North Korea: Kim Jong Un ‘hands over’ some of his powers to younger sister
The younger sister of Kim Jong Un has reportedly become his de facto second-in-command and will be in charge of relations with the US and South Korea.
Kim Yo Jong, 32, is the North Korean leader’s only close relative with a public role in politics and recently led a new, tougher campaign to put pressure on Seoul.
The stress of managing state affairs prompted Mr Kim to delegate some of his powers to a select group of officials, including his sister, the South’s spy agency reported.
She is now said to be chiefly involved in shaping policies towards Washington and Seoul.
Ms Kim is currently serving as the first vice director of her brother’s political party, United Front Department of the Workers’ Party of Korea, and has been considered as his possible successor.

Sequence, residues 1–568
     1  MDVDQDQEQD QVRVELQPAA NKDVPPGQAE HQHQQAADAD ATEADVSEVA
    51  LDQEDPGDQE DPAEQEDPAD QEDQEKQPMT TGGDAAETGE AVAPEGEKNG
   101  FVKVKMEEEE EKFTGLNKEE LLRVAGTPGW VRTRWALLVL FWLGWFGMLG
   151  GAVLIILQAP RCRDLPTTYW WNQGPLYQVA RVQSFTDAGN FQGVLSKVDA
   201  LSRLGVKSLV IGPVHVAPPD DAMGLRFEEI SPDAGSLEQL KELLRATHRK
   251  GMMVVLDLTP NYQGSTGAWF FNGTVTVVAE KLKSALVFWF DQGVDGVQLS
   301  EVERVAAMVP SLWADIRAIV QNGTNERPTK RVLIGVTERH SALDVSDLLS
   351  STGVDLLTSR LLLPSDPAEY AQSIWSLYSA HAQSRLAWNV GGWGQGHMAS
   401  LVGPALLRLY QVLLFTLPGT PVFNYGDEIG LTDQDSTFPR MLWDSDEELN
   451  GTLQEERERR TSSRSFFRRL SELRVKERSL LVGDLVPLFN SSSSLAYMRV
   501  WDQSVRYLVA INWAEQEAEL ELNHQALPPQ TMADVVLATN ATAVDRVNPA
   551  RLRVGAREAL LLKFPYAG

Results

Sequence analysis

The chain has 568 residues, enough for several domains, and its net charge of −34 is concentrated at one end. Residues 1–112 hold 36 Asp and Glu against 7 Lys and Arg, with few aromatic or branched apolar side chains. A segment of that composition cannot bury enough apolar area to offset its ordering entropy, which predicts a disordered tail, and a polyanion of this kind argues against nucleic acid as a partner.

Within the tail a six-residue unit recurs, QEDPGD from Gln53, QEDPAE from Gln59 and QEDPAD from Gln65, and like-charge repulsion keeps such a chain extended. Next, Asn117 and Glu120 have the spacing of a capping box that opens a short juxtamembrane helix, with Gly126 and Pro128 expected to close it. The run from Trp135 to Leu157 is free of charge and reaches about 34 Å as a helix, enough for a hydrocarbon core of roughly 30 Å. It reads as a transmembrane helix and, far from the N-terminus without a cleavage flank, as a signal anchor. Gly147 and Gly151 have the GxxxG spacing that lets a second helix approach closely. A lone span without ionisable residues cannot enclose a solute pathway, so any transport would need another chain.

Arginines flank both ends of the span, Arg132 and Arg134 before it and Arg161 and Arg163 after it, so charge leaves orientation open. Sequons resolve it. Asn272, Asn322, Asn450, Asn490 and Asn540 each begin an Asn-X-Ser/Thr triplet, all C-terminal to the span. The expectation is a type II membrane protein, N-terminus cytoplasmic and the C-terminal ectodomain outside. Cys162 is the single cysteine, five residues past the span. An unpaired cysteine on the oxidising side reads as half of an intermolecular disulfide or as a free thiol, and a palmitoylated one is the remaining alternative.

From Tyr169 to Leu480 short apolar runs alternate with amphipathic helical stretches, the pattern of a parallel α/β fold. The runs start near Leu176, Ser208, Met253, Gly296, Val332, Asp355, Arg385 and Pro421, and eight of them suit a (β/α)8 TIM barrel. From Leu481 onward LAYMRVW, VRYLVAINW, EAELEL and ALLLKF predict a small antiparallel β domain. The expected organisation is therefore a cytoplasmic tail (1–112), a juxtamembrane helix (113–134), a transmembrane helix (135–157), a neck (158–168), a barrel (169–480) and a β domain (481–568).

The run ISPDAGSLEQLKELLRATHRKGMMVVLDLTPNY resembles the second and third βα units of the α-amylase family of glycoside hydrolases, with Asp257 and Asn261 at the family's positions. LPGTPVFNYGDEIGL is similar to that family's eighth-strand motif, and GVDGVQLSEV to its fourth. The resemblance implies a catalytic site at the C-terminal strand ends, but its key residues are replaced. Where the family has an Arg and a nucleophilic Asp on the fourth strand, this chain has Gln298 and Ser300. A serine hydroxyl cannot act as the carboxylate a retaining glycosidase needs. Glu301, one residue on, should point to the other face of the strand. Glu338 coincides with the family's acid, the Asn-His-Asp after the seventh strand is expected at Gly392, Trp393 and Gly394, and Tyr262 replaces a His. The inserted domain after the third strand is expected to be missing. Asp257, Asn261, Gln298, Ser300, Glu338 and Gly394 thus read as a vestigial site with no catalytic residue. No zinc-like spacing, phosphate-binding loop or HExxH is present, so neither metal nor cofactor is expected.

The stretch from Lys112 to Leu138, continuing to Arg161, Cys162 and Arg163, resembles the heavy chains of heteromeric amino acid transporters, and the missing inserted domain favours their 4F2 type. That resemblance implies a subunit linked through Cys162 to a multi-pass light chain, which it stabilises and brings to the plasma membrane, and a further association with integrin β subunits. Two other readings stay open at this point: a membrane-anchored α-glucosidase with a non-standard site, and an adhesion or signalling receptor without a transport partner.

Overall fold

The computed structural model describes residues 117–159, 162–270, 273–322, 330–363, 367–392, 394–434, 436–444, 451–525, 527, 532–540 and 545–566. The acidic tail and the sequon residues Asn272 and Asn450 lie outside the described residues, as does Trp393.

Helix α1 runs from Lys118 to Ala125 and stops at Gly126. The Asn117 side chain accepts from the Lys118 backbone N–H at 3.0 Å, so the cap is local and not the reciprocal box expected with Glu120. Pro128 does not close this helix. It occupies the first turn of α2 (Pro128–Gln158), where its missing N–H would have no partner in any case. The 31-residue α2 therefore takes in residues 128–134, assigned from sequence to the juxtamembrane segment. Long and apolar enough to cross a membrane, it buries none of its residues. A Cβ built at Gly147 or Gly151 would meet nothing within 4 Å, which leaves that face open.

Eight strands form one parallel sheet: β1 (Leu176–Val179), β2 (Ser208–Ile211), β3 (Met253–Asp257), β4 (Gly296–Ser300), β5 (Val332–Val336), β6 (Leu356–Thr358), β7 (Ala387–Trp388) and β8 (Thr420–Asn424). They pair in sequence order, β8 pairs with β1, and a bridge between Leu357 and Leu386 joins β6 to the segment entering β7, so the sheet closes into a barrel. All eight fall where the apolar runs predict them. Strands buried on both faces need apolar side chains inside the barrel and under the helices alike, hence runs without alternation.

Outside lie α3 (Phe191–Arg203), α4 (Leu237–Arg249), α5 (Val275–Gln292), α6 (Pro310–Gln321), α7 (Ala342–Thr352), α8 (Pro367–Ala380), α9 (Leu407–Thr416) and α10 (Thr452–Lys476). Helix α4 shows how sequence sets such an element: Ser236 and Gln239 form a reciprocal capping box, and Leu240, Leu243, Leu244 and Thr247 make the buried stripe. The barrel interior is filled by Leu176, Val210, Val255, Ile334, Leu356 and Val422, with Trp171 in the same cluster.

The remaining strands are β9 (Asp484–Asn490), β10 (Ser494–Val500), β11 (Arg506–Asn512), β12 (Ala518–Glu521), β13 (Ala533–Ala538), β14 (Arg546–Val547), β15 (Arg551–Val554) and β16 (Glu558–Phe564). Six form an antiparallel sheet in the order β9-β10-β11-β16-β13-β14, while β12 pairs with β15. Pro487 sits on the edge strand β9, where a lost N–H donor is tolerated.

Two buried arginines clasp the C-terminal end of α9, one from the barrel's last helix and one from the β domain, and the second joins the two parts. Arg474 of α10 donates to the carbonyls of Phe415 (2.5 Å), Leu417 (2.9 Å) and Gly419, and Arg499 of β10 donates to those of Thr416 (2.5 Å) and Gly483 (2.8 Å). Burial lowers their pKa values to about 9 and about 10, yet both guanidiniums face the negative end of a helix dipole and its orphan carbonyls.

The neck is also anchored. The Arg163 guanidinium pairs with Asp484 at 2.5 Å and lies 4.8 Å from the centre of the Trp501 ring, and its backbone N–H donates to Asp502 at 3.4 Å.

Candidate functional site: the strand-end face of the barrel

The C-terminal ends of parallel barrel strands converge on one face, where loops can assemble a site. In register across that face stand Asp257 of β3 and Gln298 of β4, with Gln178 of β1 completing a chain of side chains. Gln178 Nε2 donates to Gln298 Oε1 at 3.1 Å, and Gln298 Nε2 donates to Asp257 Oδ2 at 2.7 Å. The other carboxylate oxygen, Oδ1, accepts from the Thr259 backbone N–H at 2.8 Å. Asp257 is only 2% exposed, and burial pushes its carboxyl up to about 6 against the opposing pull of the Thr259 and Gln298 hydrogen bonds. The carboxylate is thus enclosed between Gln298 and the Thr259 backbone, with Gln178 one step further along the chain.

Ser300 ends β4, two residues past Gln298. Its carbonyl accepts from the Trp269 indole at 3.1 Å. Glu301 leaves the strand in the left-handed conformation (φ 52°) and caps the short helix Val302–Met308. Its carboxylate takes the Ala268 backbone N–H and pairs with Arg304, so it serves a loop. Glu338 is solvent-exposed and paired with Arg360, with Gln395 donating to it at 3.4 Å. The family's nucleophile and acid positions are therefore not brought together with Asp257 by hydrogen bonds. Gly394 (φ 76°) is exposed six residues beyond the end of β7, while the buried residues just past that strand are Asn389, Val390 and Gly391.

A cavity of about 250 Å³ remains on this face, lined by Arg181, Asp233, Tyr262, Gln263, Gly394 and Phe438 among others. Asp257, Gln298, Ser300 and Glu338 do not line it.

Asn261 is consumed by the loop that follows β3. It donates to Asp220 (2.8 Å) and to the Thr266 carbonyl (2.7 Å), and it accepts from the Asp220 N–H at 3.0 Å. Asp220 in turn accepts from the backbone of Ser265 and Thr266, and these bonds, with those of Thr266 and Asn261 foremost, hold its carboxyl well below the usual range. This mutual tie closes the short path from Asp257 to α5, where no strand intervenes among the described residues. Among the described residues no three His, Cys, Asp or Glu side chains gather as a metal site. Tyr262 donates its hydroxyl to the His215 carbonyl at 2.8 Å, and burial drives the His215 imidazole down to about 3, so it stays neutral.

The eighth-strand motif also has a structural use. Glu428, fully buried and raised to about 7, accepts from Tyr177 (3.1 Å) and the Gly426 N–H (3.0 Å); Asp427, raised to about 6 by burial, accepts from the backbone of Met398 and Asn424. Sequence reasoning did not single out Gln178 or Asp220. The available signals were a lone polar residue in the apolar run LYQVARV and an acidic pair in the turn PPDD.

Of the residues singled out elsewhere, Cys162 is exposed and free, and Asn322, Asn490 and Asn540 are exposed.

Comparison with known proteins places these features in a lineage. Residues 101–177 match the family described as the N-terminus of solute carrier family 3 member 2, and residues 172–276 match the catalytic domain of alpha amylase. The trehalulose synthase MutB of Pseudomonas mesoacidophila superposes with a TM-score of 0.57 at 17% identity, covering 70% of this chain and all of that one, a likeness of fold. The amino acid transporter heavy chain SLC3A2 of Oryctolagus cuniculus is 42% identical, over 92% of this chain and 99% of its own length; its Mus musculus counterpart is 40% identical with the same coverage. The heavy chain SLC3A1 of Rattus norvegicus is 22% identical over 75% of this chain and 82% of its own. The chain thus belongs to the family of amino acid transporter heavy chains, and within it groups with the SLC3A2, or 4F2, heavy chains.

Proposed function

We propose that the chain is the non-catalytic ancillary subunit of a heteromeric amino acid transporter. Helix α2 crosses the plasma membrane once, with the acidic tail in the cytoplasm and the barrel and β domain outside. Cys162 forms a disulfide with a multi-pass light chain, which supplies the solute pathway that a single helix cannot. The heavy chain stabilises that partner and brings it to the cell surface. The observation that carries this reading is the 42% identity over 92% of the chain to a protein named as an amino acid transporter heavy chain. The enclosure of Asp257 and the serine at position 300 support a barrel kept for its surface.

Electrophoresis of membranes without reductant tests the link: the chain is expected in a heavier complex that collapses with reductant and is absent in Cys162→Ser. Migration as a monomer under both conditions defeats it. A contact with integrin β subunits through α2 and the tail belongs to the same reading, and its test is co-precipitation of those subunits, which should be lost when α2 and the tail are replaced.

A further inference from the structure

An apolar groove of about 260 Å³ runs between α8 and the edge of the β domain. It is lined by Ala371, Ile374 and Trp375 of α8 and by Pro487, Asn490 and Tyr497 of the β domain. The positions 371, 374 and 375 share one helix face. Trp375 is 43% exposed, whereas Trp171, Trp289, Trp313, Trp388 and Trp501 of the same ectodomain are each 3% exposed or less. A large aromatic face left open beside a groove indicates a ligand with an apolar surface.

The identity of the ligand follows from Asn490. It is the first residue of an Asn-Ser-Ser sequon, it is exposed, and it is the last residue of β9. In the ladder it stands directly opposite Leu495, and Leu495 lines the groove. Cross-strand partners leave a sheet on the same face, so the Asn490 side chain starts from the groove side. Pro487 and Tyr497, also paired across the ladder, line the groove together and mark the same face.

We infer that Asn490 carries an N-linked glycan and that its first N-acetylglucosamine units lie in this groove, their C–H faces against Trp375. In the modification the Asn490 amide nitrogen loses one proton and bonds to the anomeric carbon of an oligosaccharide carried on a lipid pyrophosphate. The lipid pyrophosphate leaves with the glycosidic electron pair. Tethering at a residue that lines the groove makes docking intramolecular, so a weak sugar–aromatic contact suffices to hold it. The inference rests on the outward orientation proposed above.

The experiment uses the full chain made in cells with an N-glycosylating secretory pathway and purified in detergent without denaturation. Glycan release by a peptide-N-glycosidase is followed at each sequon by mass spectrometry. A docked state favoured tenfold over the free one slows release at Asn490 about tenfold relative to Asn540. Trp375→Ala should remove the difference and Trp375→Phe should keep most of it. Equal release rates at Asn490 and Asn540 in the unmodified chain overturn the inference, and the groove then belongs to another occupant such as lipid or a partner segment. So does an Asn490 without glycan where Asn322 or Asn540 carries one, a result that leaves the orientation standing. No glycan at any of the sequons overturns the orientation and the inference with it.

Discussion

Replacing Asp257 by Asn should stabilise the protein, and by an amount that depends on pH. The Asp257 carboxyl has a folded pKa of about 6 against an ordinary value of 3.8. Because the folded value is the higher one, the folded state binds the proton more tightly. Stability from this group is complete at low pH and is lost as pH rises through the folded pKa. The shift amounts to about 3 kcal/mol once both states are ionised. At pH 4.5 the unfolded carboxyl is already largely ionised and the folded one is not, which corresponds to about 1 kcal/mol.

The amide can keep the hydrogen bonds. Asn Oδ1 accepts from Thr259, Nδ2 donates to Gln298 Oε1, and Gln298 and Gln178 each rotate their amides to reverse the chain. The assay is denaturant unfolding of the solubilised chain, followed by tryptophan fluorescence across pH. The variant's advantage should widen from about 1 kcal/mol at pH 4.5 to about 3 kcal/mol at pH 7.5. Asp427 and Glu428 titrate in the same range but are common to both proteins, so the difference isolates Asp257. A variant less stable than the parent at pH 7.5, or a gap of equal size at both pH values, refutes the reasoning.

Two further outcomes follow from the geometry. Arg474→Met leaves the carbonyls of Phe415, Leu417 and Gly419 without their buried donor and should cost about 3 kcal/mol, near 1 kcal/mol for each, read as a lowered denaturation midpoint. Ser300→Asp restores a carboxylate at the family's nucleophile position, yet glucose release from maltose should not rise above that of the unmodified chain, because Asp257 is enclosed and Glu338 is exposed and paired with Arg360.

Reports of her new responsibilities come as Mr Kim, 36, announced his first five-year development plan with goals of improving North Korea‘s power supply and agricultural and manufacturing production, amid the country’s economic struggles.
Speaking at a meeting of the party’s decision-making central committee, the leader acknowledged economic “shortcomings” caused by “unexpected and inevitable challenges in various aspects and the situation in the region surrounding the Korean peninsula”.
Experts claim the coronavirus pandemic derailed some of Mr Kim’s major economic goals after North Korea imposed a lockdown that significantly reduced trade with China and hampered the country’s workforce.
South Korean politician Ha Tae Keung said officials from the National Intelligence Service (NIS) insisted that Mr Kim’s rule over North Korea remains absolute.
There are no signs that Mr Kim is experiencing health problems or is grooming his sister as his successor, Mr Ha paraphrased NIS officials as saying.
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